Other focused odor control and mitigation strategies are possible, including the use of biological and chemical agents to control odors. To help the facility manage these substances, the water treatment plant design team may want to include storage areas for the odor-controlling chemicals so the facility can always keep the necessary supply on hand. The team may also include dedicated scrubbing facilities where chemical treatment can safely take place.

Some water treatment plants use fragrances to mask odors from wastewater.

Some water treatment plants use fragrances to mask odors emanating from the wastewater. In these cases, designers may want to include a small piping system to transport the fragrances.

5. Equipment Type

Ideally, the design of a new water treatment plant accommodates all processes necessary for treatment, and those processes are optimized for the facility’s layout. For example, if certain constraints require the facility to be relatively compact, the plant may choose to use membrane bioreactors (MBRs) because of their smaller footprints.

Some plants use biological scrubbers for odor control to minimize the addition of chemicals to the water. Further, adding biological scrubbers to a plant’s layout can help minimize its visual impact on the surrounding environment. Biological scrubbers are generally not as tall as chemical scrubbers, so they stick out less in the landscape. These are also relatively easy to design in a way that keeps the area looking nice for residents while still allowing the plant to do its job.

However, despite the advantages of biological scrubbers, some plants prefer chemical scrubbers because they have used them for years and know they work reliably. Chemical scrubbers generally use nozzles to spray oxidants such as sodium hypochlorite and sodium hydroxide into the air rising from the wastewater. The chemicals bind to and oxidize odor-causing compounds in the air, generating harmless byproducts.

Because chemical scrubbers are relatively tall, the design team may look to features they can add to camouflage or hide these structures. For example, architects and designers might decide to add an attractively designed wall in front of the scrubbers. They may also contract to have a mural or other artwork added to the wall to boost aesthetic appeal.

6. Noise and Aesthetics

The type of equipment chosen for the plant often has an impact on the noise pollution generated. In some cases, design teams have little say in the equipment the plant uses. If they do, however, they can choose equipment with low decibel ratings to eliminate nuisance noise. For example, high-speed turbo blowers are often much quieter than equipment such as multi-stage centrifugal blowers or positive displacement blowers.

Even if the design team has no say in the equipment, it can develop a design that optimizes noise containment. Acoustic treatment to the walls housing the equipment can do a lot to help a plant quietly coexist with the surrounding community. Some types of equipment also come with acoustically insulated enclosures that the design team can use to muffle sounds.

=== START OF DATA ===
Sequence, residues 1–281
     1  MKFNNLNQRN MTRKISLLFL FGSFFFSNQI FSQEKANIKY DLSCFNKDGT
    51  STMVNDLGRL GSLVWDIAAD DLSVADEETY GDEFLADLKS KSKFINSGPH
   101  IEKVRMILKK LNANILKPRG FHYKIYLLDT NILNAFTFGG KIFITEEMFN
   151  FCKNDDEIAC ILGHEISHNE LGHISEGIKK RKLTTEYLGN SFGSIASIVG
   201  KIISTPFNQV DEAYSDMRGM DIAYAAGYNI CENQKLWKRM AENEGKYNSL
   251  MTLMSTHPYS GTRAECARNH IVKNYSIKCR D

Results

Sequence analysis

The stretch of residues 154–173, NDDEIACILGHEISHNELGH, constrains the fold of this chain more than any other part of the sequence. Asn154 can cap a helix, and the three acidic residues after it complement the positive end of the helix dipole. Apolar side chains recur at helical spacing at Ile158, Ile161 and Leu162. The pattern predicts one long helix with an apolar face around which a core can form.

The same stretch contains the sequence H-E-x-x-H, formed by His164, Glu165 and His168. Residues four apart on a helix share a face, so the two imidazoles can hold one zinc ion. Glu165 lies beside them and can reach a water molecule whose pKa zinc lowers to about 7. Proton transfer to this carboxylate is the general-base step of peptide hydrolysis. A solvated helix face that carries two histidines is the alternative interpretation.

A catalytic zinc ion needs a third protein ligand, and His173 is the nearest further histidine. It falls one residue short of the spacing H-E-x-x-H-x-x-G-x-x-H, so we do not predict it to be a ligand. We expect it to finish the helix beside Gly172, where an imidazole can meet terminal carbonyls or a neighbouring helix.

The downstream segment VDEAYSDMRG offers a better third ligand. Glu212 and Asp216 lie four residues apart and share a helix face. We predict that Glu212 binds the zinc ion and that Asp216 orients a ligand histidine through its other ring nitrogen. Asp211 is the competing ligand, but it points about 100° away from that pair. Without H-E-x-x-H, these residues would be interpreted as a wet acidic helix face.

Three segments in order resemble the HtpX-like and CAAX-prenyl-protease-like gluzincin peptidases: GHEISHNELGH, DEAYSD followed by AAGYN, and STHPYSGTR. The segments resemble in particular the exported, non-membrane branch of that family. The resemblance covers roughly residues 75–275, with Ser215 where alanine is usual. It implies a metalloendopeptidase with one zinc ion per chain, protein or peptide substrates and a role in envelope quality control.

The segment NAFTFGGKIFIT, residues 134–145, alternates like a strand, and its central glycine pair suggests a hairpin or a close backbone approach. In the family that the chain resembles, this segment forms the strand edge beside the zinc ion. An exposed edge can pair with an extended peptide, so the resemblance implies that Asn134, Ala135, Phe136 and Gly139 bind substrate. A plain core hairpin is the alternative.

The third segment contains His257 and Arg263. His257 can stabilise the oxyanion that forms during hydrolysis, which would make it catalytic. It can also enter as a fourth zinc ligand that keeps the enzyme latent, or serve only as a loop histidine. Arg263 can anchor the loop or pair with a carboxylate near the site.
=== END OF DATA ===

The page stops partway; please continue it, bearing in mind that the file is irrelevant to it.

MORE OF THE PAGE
A design project will likely also want to ensure the facility blends in with the landscape as much as possible to avoid provoking complaints from residents about its appearance.

7. Effluent Discharge Criteria

One of the most important steps the design team can take is to establish the guidelines the facility’s discharged effluent must meet. They can then ensure the facility contains the correct equipment and layout to meet those criteria and comply with the law.

The U.S. Environmental Protection Agency (EPA) sets regulatory standards for effluent quality.

In the U.S., the Environmental Protection Agency (EPA) sets national regulatory standards for effluent quality. The EPA imposes these standards on an industry-by-industry basis. Individual states or municipalities may have additional requirements.

The EPA’s effluent guidelines break down into several different levels of control:

  1. Best practical control technology (BPT) currently available: The EPA generally establishes BPT limitations based on information like the average best performance of treatment facilities of various sizes, ages and processes. It looks at factors like the cost of applying the control technology, equipment age, the processes used, the control technology’s engineering aspects and potential environmental impacts.
  2. Best conventional pollutant control technology (BCT): BCT governs conventional contaminants from common industrial point sources. To establish BCT limitations, the EPA considers a two-part cost-reasonableness test and other relevant factors.
  3. Best available technology economically achievable (BAT): BAT represents the best technology plants can reasonably afford to use. In assessing BAT, the EPA considers factors like the cost of achieving effluent reductions, equipment age, the processes used, technology changes and potential environmental impacts.
  4. New source performance standards (NSPS): NSPS apply to direct discharge from new plants, and they lay out the effluent reductions that the best available demonstrated control technology makes possible. Because new plants generally have access to the latest and best technology, NSPS represent the strictest controls achievable with the best available demonstrated control technology.
  5. Pretreatment standards for new sources (PSNS): PSNS are uniform, nationwide technology standards the EPA applies to plants that discharge effluent to publicly owned treatment works (POTWs). These standards are intended to minimize contaminant discharges that could interfere with or be incompatible with POTW operation.